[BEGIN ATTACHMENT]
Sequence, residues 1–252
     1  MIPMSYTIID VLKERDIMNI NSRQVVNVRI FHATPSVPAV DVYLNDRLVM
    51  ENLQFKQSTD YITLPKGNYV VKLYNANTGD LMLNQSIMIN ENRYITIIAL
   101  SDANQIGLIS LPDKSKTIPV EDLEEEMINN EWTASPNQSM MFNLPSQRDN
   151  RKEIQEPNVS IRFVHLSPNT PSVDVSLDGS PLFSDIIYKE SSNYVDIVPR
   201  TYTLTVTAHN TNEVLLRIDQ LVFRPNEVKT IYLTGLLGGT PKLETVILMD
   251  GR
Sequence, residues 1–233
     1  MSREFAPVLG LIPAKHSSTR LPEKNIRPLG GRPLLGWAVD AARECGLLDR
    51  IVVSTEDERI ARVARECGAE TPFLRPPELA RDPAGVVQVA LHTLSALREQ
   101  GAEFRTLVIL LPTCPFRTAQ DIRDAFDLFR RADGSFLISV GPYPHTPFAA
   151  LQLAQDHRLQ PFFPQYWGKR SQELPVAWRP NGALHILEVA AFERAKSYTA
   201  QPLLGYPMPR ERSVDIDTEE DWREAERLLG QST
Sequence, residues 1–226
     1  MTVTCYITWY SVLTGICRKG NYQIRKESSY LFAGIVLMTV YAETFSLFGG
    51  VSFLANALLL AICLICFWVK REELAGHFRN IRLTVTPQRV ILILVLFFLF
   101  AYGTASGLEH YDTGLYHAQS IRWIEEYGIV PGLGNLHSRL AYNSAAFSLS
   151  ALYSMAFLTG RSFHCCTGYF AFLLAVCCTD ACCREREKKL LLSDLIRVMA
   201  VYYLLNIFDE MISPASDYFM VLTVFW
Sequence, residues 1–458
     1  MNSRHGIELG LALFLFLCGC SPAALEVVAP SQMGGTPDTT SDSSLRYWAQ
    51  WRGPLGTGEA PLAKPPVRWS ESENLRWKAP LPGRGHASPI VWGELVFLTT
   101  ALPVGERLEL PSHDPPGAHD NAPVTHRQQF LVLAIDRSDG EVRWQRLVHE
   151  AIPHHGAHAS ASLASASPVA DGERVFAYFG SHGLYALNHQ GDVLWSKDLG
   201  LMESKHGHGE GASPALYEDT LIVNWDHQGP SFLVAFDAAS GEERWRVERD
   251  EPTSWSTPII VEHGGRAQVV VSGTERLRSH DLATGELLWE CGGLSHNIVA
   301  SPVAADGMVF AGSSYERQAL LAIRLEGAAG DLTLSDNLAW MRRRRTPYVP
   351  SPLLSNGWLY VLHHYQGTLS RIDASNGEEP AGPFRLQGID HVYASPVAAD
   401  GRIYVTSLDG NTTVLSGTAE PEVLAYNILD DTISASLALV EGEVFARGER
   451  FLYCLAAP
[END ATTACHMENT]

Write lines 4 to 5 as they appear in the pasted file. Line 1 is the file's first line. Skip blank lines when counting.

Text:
   101  SDANQIGLIS LPDKSKTIPV EDLEEEMINN EWTASPNQSM MFNLPSQRDN
   151  RKEIQEPNVS IRFVHLSPNT PSVDVSLDGS PLFSDIIYKE SSNYVDIVPR